• Evaluation of the translation throughput of the translation system using a MapReduce cluster.

viii.1 Test setting

The test environments were installed on a cluster of commodity machines888Pentium(R) Dual-Core CPU E5300@2.60GHz, 4GB RAM, Gigabit ethernet. that were used as the main testing deployment and on a faster machine999Intel(R) Core(TM) i7-3930K@3.20GHz, 32GB RAM, Gigabit ethernet. that was used as a reference. The Apertium uses algorithms that are almost independent of the input text when regarding only translation throughput. The same fact can be attributed to the algorithms used by the Moses system if the caching option is turned off.

The operating system on all test machines was Ubuntu 14.04 LTS (Trusty Tahr), the only difference was that Server version was installed on the fast machine and Desktop version on the cluster machines.

The version of Apertium used in the experiments was 3.2. The version of Moses used in the experiments was 2.1.1. The system was trained on the Europarl v7 corpus Koehn (2005). The system was used with all default switches except the caching option was turned off. All the translation data was binarised.

viii.2 Test data

The main test data set was artificially constructed in order to eliminate the possible effects of the non-uniformity of the test data. The artificial sentences were constructed from one sentence composed of 20 words which were present in the dictionary and copied the desired number of times. The sentence length was chosen as an approximate upper bound mean value of the sentence length in Opus corpus Tiedemann (2012) (the exact value is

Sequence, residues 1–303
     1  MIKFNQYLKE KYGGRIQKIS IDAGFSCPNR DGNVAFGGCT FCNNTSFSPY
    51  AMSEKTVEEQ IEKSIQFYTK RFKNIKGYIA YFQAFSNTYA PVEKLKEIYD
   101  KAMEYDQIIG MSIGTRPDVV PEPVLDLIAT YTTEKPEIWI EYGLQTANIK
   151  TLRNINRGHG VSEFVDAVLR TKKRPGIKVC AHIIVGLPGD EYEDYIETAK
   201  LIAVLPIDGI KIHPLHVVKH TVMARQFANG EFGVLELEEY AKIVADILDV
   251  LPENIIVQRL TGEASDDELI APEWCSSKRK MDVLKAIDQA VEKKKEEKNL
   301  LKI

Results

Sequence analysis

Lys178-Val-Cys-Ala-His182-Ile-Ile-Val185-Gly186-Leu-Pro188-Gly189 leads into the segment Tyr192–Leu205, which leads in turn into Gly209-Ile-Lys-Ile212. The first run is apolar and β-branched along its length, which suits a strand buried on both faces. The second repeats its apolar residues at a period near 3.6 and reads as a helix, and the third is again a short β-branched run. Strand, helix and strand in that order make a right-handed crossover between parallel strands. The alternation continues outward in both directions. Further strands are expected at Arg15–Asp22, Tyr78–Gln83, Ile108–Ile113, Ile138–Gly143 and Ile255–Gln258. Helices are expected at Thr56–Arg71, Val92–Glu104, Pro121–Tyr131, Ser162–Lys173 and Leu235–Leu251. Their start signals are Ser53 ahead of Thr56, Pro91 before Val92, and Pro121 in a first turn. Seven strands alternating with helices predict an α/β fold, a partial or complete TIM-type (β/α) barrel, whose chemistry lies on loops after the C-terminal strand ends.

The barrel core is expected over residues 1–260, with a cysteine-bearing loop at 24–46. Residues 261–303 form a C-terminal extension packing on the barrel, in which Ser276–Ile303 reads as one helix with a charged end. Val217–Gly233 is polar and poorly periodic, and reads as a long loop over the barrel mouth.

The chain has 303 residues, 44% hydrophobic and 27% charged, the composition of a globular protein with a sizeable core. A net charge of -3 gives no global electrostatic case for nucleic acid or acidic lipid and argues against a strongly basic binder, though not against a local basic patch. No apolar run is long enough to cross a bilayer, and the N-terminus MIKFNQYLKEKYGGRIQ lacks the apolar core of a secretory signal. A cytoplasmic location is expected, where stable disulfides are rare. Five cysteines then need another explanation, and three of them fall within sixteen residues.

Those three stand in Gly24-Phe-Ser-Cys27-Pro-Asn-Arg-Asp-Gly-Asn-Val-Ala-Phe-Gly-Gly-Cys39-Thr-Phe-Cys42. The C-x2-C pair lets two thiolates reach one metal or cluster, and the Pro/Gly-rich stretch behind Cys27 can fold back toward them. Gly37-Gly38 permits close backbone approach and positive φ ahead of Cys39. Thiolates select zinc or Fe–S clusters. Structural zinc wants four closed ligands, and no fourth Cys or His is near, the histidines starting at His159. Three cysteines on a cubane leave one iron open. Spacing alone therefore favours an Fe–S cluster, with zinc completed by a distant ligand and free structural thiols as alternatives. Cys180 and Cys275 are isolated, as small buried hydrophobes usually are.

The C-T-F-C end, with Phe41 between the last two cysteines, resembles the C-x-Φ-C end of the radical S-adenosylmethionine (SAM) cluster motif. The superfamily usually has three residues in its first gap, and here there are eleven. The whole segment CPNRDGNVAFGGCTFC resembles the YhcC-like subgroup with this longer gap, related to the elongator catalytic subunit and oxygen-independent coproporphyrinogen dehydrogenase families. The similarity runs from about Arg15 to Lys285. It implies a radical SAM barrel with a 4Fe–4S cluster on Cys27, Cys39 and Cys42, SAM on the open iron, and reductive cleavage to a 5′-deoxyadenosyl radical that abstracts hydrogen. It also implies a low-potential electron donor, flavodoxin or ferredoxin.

) and as an upper limit of the sentence length in Google n-gram corpus (the exact value is

) Franz and Brants (2006). This data set would be a problematic selection if the quality of the translation was measured, or if complex parsing algorithms were involved in the translation. The selection of simple translation techniques (Apertium) and mathematical models (Moses) allows the usage of artificial test data. The only problem arising using this simple test-data set was the caching option adopted by Moses which caches previous translations and could benefit in throughput greatly from this feature. The system was tested using the same test set and same test setting with this option turned on and off. The results presented in Table 1 show a significant influence of the caching to the artificial test data although the time differences are linear to the amount of input data. All further tests were done with the caching feature turned off.